During evaluation, we used Microsoft data from 2019 to 2021 and trained an HMM with 15 hidden states. The blue plot represents the true price, and the red plot represents the prediction outputs from the model. HMM is able to make predictions very close to the true values with an MSE of 21.0 compared to 3623.6 from the benchmark moving average model. With this setting, we’re able to achieve a 66.2% accuracy in trend prediction. To show that the prediction is meaningful, we compare it with the proportion of days where there is an uptrend (53.2%), showing that the HMM trend prediction greatly outperforms random guessing.

Remarks: One limitation of our current design is that only stock price is considered as features. To fully utilize the data we have, the next step is to implement the HMM with multivariate features where each observation is dependent on both the current hidden state and the multivariate features.

While it seems like HMM outperforms all the DNN models with a trend accuracy of 66.2%, it is important to keep in mind that HMM is only predicting the next day’s open price, while the DNNs are predicting the closing prices. These two types of models are not comparable as predicting the next day’s closing price is a harder problem with more randomness. Still, HMM remains a powerful algorithm, as our result has proven.

4.3. Portfolio Balancing with Predicted Stock Prices

Given our predicted next-day closing and opening price, and assuming we only take long positions, we built our trading strategy as follows:

4.3.1. Equally Weighted Portfolio

4.3.2. Monte Carlo Simulation for Maximum Sharpe Ratio Portfolio

Sharpe ratio is a measure of a portfolio’s risk-adjusted returns. It has the formula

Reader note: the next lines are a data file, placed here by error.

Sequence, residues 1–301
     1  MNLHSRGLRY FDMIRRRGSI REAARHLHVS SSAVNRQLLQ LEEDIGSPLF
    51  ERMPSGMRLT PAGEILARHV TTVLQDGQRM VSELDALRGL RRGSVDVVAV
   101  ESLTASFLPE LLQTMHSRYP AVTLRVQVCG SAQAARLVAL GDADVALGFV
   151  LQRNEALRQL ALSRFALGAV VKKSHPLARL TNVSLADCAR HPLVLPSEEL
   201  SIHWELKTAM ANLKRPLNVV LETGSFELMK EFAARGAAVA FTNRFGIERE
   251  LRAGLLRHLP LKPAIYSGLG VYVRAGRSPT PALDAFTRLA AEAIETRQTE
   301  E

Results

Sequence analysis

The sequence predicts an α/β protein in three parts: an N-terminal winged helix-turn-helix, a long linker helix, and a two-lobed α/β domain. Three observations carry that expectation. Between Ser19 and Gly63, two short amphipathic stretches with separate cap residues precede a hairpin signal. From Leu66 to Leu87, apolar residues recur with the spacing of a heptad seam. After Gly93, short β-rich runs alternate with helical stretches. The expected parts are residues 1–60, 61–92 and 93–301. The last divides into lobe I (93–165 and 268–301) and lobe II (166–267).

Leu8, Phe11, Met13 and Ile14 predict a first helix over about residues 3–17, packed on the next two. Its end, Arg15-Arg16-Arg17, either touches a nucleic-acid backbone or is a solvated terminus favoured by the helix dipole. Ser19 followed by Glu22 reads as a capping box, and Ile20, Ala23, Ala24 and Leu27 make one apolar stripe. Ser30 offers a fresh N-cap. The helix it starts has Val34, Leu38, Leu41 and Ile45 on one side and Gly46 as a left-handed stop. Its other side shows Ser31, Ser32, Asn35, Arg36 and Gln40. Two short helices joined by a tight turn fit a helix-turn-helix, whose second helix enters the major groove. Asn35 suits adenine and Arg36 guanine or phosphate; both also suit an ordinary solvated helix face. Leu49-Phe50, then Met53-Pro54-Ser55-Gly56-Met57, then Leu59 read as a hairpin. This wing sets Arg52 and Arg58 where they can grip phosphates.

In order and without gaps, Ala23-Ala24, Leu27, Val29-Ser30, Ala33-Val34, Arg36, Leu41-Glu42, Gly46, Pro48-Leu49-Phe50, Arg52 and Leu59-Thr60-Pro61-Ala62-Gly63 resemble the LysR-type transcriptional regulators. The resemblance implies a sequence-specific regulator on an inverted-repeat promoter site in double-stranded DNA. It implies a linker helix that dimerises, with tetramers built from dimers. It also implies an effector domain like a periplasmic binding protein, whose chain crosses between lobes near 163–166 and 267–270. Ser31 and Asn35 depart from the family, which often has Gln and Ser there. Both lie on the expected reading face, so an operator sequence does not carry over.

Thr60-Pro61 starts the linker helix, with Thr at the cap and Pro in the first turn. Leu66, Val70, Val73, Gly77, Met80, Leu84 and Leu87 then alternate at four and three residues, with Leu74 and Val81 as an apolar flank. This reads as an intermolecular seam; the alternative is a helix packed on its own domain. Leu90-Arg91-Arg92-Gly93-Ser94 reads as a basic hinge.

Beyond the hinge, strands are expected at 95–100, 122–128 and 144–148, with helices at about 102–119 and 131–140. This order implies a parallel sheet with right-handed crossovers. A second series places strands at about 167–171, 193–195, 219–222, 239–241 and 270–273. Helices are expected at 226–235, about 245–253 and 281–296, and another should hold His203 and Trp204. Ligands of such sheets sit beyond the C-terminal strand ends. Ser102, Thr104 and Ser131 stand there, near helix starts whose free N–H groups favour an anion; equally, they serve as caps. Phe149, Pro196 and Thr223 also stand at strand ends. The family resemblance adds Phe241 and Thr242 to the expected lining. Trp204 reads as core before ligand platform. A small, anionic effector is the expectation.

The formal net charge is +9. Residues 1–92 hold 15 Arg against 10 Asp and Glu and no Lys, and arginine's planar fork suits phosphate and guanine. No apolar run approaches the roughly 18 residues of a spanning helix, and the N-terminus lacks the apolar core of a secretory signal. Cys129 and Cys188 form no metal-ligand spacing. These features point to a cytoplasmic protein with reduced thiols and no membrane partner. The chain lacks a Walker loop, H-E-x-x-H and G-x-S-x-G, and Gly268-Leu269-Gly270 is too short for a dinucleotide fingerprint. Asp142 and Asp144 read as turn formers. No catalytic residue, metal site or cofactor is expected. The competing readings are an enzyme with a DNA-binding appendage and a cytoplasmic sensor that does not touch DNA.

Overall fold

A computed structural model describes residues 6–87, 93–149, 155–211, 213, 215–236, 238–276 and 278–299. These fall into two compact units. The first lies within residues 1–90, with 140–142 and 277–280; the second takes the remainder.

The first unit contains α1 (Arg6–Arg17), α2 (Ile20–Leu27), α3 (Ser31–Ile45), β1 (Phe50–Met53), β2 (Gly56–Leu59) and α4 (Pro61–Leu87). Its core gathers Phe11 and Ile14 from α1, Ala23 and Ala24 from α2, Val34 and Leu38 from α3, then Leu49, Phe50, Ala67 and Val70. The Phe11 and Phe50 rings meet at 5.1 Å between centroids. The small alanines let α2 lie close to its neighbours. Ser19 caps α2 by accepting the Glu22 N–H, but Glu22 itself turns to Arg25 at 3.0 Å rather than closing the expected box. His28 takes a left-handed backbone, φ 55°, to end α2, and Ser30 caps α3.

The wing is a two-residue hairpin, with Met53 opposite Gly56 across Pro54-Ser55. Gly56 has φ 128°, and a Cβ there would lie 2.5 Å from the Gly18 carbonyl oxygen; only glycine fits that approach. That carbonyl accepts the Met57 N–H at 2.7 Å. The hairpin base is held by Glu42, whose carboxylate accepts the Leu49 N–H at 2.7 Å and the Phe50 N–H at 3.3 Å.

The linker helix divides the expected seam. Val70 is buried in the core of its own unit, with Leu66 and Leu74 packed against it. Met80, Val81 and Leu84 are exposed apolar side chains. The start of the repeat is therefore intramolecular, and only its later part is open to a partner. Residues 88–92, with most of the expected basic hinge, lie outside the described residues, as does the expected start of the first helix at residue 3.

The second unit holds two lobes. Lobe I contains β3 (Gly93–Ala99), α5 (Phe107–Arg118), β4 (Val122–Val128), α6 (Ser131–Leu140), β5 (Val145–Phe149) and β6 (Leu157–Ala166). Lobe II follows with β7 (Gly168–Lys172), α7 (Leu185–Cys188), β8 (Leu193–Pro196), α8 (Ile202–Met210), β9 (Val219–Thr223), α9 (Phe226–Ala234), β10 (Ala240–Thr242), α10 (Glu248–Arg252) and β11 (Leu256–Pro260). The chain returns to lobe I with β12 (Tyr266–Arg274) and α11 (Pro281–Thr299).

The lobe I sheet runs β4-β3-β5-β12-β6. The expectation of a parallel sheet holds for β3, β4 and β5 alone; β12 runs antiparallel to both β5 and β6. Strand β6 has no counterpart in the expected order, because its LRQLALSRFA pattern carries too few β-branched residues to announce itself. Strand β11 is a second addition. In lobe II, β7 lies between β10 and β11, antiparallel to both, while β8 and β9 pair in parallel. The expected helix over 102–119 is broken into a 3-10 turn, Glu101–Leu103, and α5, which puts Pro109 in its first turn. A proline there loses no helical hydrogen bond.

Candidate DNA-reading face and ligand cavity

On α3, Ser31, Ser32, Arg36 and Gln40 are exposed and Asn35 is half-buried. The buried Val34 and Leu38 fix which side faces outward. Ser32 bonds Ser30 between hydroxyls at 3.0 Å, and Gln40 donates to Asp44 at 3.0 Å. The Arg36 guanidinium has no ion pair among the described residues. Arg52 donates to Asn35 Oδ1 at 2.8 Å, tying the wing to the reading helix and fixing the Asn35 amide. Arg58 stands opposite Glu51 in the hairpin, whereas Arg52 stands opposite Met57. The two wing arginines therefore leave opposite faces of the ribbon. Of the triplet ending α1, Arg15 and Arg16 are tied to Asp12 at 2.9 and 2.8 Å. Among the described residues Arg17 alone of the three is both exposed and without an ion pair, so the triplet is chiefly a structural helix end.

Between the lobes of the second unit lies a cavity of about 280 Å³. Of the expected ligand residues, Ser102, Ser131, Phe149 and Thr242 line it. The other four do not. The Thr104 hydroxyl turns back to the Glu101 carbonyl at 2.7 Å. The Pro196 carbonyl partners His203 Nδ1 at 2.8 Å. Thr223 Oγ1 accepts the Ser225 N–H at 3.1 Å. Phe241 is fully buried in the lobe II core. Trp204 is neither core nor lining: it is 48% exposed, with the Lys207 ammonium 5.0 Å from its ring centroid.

Monte Carlo is a common method used for portfolio optimization. We approximate the max Sharpe portfolio by randomly assigning portfolio weights with each weight between 0 and 1 such that the total weights of all the stocks sum up to 1. Then we calculate the expected return and variance of the portfolio.

Again, we use historical price data to estimate the future variance/covariance matrix.

We then calculate the portfolio’s Sharpe Ratio with the above formula assuming a risk-free rate of 2%. We repeat this process thousands of times to get an optimal portfolio weighting that maximizes the Sharpe ratio. See the below graph for an example Monte Carlo analysis — the max Sharpe portfolio is labeled red and the min variance portfolio is labeled blue.

Example graph for Monte Carlo analysis from [5]

After getting the optimal portfolio weights for the stocks, we can place trade orders equivalent to the difference between the optimal weights and our current portfolio weights to balance our portfolio each day.

5. Demonstration

This section demonstrates all components in Wall Street Bots working together as a whole. It is also a step-by-step guide on how to use the web app to try out the strategies.

  1. First, you will need to create a free account at https://alpaca.markets/
  2. After you create your free account, navigate to the paper trade dashboard at https://app.alpaca.markets/paper/dashboard/overview
  3. Beside Your API Keys, click the View button and then click Regenerate Key.
  4. Copy the Key ID and Secret Key.